Stand Alone Access Control Solutions From Securitron and Essex

The Securitron DK-26 is Securiton’s medium to high security keypad solution. The narrow keypad makes this system suitable for door frames with narrow frames. The basic system is comprised of a controller which mounts inside the protected area, and...


The Securitron DK-26 is Securiton’s medium to high security keypad solution. The narrow keypad makes this system suitable for door frames with narrow frames.

The basic system is comprised of a controller which mounts inside the protected area, and the keypad which mounts on the outside of the protected area. The keypad is supplied with a 16-foot cable, which can be extended in the field up to the factory suggested 100 feet as required.

And additional keypad may be wired to the controller to add exit control to the system. (An expander module DK-XP adds 60 more users to the 59 user capacity of the basic product; as well the ability to print out activity reports to a serial printer.)

The unit requires 12-24 Volts AC or DC. The unit draws 160 ma @12 Volts or 190 ma @ 24 Volts.

Be sure to provide adequate power if you plan to operate the electric lock from the same power supply to avoid voltage drops which could impair performance. This is true whenever a power supply is used to power both the controller and the locking device.

If a single AC power source is going to be used, the DK-26 provides a DC Tap Output which supplies up to 2 amps of DC for the use with the locking device.

Whether you use a separate power supply for the locking device or not, for additional protection to the DK-26, a MOV is supplied with the DK-26 which attaches across the relay terminals. MOVs are Metal Oxide Varisters which suppress surges and arcing, thereby enhancing system performance and prolonging the life of the switch contacts.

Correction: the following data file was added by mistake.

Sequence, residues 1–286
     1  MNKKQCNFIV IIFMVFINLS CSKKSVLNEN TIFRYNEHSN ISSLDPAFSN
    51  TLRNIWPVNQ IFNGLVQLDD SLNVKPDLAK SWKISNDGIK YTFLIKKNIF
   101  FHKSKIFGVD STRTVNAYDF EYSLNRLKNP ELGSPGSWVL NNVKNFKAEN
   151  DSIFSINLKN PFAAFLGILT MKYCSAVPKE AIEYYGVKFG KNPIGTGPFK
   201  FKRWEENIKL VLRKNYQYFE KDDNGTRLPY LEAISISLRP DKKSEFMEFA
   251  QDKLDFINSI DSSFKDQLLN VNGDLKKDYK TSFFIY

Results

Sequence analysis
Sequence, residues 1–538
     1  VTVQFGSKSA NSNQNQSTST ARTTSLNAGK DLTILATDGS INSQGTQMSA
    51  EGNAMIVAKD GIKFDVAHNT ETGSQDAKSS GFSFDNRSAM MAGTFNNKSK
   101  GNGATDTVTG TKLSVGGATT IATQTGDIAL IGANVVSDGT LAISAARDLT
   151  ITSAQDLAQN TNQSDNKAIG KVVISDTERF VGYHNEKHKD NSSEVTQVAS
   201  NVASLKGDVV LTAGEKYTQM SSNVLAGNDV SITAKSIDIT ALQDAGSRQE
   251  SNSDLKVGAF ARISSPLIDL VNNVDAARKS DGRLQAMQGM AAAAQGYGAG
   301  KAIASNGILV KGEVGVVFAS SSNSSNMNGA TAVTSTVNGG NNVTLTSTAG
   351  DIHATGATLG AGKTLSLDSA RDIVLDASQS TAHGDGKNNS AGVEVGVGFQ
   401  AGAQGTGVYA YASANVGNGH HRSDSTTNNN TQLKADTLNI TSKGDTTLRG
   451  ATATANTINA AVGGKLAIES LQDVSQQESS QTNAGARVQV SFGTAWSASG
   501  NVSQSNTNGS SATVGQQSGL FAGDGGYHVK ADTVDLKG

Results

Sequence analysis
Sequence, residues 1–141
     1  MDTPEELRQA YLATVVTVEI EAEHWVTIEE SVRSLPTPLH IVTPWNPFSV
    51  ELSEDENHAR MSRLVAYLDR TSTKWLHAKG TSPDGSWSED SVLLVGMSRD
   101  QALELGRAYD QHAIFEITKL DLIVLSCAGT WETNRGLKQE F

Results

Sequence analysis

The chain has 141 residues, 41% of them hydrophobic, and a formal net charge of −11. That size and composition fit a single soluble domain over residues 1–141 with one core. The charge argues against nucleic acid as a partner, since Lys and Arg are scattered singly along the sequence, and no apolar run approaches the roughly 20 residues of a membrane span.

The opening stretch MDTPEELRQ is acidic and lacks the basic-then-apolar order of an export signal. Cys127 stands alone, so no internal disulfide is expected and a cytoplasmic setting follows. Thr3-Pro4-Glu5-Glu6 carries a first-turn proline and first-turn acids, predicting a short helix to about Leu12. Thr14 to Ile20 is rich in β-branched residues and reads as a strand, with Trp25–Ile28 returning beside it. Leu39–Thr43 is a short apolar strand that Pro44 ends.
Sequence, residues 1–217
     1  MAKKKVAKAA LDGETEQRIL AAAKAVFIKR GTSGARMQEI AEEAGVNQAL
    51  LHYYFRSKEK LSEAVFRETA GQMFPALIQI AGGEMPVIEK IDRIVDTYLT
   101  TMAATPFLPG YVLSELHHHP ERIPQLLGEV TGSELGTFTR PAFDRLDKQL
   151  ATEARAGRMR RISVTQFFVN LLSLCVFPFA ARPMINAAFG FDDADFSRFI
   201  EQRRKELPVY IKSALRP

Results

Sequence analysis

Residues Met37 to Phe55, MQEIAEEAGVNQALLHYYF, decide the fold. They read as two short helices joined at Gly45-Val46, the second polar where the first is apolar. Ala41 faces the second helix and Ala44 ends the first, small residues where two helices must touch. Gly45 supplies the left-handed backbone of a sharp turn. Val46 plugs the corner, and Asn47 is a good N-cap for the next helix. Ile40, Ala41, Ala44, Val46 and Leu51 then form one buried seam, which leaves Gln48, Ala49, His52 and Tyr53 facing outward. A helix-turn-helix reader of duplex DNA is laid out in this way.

The output relay is DPDT (2 Form “C”) and may be used with fail-safe, fail-secure locks or delayed egress locks such as Securitron’s IMXDa. The output relay contacts are rated at 5 Amps.

The cast stainless steel keypad is equipped with11 EPDM (ethylene propylene diene monomer) rubber keys, is weatherproof and vandal resistant and mounts on any surface including a narrow mullion.

Each button is an individual switch, so the DK-26 offers true 10-digit operation (keys are not paired).

The DK-26 is also available with a Wiegand output so that the PIN codes can be sent to external equipment. The DK 26W does not provide relay outputs or any other of the features of the DK-26, just a Weigand output.

The DK 26 offers what is referred to as a ‘Hard Code’ as well as fixed code programming.

Employ fixed programming in a situation where the end user is not likely to ever change the code, or at least that changes would be rare. Fixed programming can be used in lower security “traffic control” applications, as the longer the code remains unchanged, the greater the risk that an unauthorized person will be able to learn it.

The DK-26 makes it simple for you to program the unit in this “fixed” way. You will utilize a push button set, single code called the “Hard Code.” To delete the Hard code, press the “Hard Code” button on the CPU board, confirm that you are in hard program mode (slow yellow flash) and press the Bell key or wait 30 seconds.

Keypad Changeable Code Programming: In this application, two codes are programmed into the DK-26. The first, called the Program Code, acts as a password which allows changing the User code.

Thee User code is employed regularly to gain access. Knowledge of the Program code should be restricted to security management as its only use is to change the User code. With this method of operation, higher security is obtained because the end user can change the User code regularly or any time he feels it has been compromised.

This is the day to day procedure that should be taught to the end user.

Adding Multiple User Codes: The DK-26 has memory locations for up to 59 User codes. This allows separate codes for individuals or groups which is a benefit because when one code is changed (usually owing to a security worry), the people who use the other codes don’t have to learn a new code.

Test all the codes before you consider programming complete.

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